To illustrate the Prisoner’s Dilemma, imagine two individuals arguing over some infraction. An authoritarian figure intervenes, separates and gives them both a “kiss-and-make-up” speech. The speech would go something like this: “If you and Kelly both apologize (cooperate), both will get 45 minutes in the hot tub. But if you both do not apologize (defect), both of you will get only 20 minutes in the tub. However, you could get 90 minutes if you ignore -defect -him while he apologizes, he will concede his time and instead clean out the tub. But be warned, he could easily play the same trick on you, not apologizing while you apologize.” With this said, the perspective player would choose defect and remain stoic, and unapologetic. Why? Because the temptation pay-off is bigger than the reward pay-off, and both are bigger than punishment and sucker pay-off. If one apologizes, the maximum pay off is just 45 minutes, but if that person defects, the apologetic person must clean out the tub. Rewarding the former with 90 blissful, minutes, with 20 minutes if both remain stoic. This is far better than cleaning out the Jacuzzi, if the former apologized while the latter did not. In conclusion, it pays to defect, because the pay-offs are better.
How can the Prisoner’s Dilemma be used to explain friendship? We will examine this point after scrutinizing the Tit For Tat theory.
Anatol Rapaport’s Tit For Tat program debuted in Robert Axelrod’s computer-generated world in the l 970’s (Wright, 1994, Dawkins, 1989). The purpose of this world was to test the Prisoner’s Dilemma, thus, human strategies. Axelrod put together the computer environment. while fourteen researchers. including the Canadian Rapaport, submitted programs that utilized the rules of Prisoner’s Dilemma. The program that was most successful and accrued the most points was Tit For Tat. Why was did program succeed? Because Tit For Tat was nice, retaliating only after cheated, and then forgives (Crawford & Janicki, 1997, Wright, 1994, Dawkins, 1989). Tit For Tat’s strategy is to cooperate on first move and then do what the opponent does on their last move (Crawford & Janicki, 1997, Dawkins, 1989, Wright, 1994). This strategy survived all 200 interactions in the first contest, as well as many more in a second contest (Dawkins, 1989, Crawford & Janicki, 1997). Because of this winning streak, the Tit For Tat program was deemed an Evolutionary Strategy. This stability results from its cooperation motivation, or, simply, its niceness. Tit For Tat cooperates with programs that also cooperate in return, but avoids programs that defect (Dawkins, 1989, Wright, 1994 ). Thus, Tit For Tat will cooperate, as in the example above, and apologize every time, therefore getting 45 minutes of hot tub time, depending on the other person. This outcome is satisfactory.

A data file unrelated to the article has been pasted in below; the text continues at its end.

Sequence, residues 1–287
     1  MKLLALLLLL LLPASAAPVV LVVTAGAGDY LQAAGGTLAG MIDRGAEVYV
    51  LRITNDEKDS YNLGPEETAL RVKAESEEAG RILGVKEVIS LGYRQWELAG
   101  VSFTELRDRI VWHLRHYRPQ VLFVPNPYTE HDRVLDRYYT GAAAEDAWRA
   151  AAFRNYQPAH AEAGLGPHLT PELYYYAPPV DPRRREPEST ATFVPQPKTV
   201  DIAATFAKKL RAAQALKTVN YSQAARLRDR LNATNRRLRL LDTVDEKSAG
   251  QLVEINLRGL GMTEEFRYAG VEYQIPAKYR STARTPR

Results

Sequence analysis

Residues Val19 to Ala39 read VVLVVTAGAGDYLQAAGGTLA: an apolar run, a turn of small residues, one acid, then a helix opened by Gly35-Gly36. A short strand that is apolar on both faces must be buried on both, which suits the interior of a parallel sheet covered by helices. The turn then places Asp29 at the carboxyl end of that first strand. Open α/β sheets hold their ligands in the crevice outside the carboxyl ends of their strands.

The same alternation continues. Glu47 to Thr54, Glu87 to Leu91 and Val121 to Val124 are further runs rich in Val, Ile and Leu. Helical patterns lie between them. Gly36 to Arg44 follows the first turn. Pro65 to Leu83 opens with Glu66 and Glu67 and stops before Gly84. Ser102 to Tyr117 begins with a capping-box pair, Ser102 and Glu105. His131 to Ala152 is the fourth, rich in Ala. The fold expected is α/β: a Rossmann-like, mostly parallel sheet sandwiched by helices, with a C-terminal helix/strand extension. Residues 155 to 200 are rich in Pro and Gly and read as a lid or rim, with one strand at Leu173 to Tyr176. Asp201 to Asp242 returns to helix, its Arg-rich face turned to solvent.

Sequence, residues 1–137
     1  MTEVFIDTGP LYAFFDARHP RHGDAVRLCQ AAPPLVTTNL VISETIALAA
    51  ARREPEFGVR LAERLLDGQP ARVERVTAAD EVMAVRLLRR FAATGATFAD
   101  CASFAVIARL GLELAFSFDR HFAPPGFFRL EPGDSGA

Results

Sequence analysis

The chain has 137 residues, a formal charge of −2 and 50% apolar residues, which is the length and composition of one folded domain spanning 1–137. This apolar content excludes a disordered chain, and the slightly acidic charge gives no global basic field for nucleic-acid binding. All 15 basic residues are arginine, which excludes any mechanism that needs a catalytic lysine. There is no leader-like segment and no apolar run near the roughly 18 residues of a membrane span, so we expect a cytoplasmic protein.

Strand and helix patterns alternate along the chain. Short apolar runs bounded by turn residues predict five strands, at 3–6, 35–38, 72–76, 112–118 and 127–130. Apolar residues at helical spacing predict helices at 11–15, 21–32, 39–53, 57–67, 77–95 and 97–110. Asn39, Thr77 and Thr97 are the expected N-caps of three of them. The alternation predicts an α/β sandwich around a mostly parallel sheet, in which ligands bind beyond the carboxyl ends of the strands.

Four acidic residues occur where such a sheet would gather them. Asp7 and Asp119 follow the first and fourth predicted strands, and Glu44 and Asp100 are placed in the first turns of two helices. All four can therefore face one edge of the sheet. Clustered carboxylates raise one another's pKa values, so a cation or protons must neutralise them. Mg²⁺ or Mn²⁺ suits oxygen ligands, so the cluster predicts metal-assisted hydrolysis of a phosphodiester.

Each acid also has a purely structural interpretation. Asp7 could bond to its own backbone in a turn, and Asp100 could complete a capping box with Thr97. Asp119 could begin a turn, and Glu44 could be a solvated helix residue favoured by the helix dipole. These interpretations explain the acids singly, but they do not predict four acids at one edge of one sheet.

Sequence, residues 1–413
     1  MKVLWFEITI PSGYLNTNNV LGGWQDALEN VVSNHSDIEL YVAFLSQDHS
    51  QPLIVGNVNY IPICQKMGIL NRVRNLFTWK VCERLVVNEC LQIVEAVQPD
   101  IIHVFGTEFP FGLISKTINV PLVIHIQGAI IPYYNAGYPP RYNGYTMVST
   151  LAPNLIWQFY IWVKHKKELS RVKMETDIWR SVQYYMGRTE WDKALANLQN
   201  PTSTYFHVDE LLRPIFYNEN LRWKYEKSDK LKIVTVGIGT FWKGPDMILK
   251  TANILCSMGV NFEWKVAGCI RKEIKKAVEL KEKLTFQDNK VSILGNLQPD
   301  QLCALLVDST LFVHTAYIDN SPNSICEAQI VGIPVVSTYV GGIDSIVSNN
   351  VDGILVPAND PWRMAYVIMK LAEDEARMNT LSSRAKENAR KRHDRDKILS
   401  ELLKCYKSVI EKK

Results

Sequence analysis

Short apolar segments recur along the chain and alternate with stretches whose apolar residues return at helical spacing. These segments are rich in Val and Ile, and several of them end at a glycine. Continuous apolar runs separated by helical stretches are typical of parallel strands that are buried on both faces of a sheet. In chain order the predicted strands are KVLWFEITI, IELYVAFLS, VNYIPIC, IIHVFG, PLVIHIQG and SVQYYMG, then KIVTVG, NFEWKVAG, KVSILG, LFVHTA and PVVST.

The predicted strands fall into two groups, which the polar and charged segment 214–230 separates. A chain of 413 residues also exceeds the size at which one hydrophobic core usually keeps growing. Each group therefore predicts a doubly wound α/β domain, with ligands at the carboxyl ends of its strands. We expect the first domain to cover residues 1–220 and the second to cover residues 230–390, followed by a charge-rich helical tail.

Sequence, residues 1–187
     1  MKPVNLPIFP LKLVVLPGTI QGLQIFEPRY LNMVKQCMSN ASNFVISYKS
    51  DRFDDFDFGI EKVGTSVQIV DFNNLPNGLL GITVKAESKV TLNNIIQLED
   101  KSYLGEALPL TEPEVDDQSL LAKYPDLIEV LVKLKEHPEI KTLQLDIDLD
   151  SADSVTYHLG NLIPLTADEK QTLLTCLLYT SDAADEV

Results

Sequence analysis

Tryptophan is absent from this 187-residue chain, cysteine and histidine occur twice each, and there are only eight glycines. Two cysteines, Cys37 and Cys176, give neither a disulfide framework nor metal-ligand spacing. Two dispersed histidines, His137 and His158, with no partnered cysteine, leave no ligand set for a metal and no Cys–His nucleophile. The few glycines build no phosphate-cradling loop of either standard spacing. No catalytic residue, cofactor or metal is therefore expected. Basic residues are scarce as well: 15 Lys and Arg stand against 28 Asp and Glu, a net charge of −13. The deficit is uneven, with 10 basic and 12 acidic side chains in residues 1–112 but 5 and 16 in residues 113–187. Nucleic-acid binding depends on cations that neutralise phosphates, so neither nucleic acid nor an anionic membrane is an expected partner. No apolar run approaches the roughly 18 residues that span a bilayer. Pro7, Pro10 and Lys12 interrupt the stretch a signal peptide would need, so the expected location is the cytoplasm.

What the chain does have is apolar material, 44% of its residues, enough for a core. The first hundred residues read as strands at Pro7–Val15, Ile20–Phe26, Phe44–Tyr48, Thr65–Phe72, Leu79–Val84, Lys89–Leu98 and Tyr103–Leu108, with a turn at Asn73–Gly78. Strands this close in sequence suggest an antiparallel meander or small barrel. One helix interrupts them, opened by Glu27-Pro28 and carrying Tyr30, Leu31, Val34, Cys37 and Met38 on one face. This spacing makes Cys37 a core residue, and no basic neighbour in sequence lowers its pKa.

How does the Prisoner’s Dilemma and Tit For Tat explain friendship?
Let us analyze this connection. Prisoner’s Dilemma and Tit for Tat explain friendship by implying that cooperation and a nice attitude will lead to friends, whereas, defection and a nasty attitude will win no friends. It also depends on the length of interaction. For a short, once-in-a-lifetime interaction, such as insurance claims, it pays to defect, being nasty and not building a relationship. If both defect, the punishment is minimum, a bent fender or a broken window. The main point here, is that the two drivers are of little importance to each other. They will probably never meet again, so fostering a relationship is futile. On the other hand, if two people, co-workers or relatives, become frustrated with each other for some reason or other, it pays to cooperate. These individuals should continue interacting, and thus cooperating. Because they must deal with each other daily, the interaction is more costly than cheating. The overall point here is that: Tit For Tat and Prisoner’s Dilemma explain that people who are more than mere acquaintances, such as lovers, newlyweds, siblings, co-workers, roommates, etc., become and remain friends based on the cooperation and niceness each one has for the other.
Part Two The Psychology 385 course … oh to hell with it! Do you read to this point? If you did, I should be paying you! Such drivel and snivel that my paper was! I tore it in half!
By the way, I received really good mark on this paper. I believe it was out of 15 marks, and I got 14. How about that!